Dr Hannah Tonkin is a Legal Officer in the Appeals Chamber of the Special Court for Sierra Leone. She previously worked at the ICTR and ICTY and taught international law at the University of Oxford. She is the author of State Control over Private Military and Security Companies in Armed Conflict, 2011 (ISBN 9781107008014)
In March the International Commission of Inquiry on Libya, created by the United Nations Human Rights Council (HRC), presented its report, finding that “international crimes, specifically crimes against humanity and war crimes, were committed by Qadhafi forces.” The report found that “acts of murder, enforced disappearance, and torture were perpetrated within the context of a widespread or systematic attack against a civilian population.” The report further found that anti-Qadhafi forces also “committed serious violations, including war crimes and breaches of international human rights law.” The Libya Report followed the delivery to the HRC in February of a report by the International Commission of Inquiry on Syria. That Commission found that Syrian government forces “committed widespread, systematic and gross human rights violations, amounting to crimes against humanity, with the apparent knowledge and consent of the highest levels of the State.” [para 126]
The Commissions on Libya and Syria are just the latest in a series of high-profile international fact-finding missions and commissions of inquiry in recent years. These include the 2004 International Commission of Inquiry on Darfur, the 2009 UN Fact Finding Mission on the Gaza Conflict (the Goldstone Report), the 2009 Fact Finding Mission on the Georgian Conflict (discussed here, here and here on EJIL:Talk), the 2010 and 2011 UN Fact Finding Mission and Committee inquiring into the Israeli blockade on Gaza (the HRC Fact Finding Mission and the Palmer Report) (see previous posts here), the 2011 Panel of Experts on Accountability in Sri Lanka (see previous EJIL:Talk! Post here) and the 2011 Bahrain Independent Commission of Inquiry. Most of these commissions had terms of reference that called on them to investigate alleged violations of human rights and international humanitarian law, though others, like the Georgia Commission, have been called to decide on other inter-State issues, such as the use of force.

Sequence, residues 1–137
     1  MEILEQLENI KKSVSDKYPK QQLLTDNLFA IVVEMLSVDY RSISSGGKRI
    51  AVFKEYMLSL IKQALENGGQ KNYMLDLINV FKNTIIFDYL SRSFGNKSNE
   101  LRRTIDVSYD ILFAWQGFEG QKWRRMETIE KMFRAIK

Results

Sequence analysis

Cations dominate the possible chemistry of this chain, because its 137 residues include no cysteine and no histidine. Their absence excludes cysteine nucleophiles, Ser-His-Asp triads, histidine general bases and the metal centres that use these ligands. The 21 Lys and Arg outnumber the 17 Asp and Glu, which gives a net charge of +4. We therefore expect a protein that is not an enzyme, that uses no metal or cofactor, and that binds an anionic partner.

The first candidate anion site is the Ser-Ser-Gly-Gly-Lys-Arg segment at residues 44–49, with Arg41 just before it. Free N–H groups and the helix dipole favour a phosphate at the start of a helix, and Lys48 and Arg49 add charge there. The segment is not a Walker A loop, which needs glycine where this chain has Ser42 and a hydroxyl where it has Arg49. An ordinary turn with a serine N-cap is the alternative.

These commissions of inquiry appear to have become a new mechanism for determining the responsibility of both states and individuals for violations of human rights and IHL. In the absence of universal compulsory jurisdiction by international judicial bodies, these commissions of inquiry are a way in which the international community can obtain an authoritative determination of whether these violations have taken place and who is responsible. These commissions have not replaced, and are not replacing, adjudication. In fact, they will often enhance adjudicative mechanisms where those exist. However, these commissions do seem to be an additional form of resolving, and obtaining authoritative pronouncements on, contested facts and issues of international law.
While many of these commissions are termed “fact-finding missions” or given the mandate to engage in fact-finding, in reality they tend to do much more than this and will often make quite detailed determinations on points of international law. These “fact-finding missions” will often make determinations on what law is applicable to the factual situations they are called to investigate. For example, they decide on the classification of conflicts as international or non-international and this will determine which branch of IHL applies (see the Libya Commission). The commissions will also make determinations on the scope of the legal norms at issue. For example, the Darfur Commission made determinations on what amounts to a protected group for the purposes of the Genocide Convention. Other commissions have engaged in detailed discussions on whether particular acts amount to violations of IHL or human rights law.
The reports of these commissions and the decisions reached, though not formally binding, may end up being just as authoritative, in the public eye and in relevant political and legal bodies, as proper judicial processes. Often, these reports establish facts that then become difficult to dispute, they are used by the political bodies in taking action against States, they may be used by international tribunals, and they usually have an important effect in public discourse (think of the effect of the Goldstone and Darfur Reports).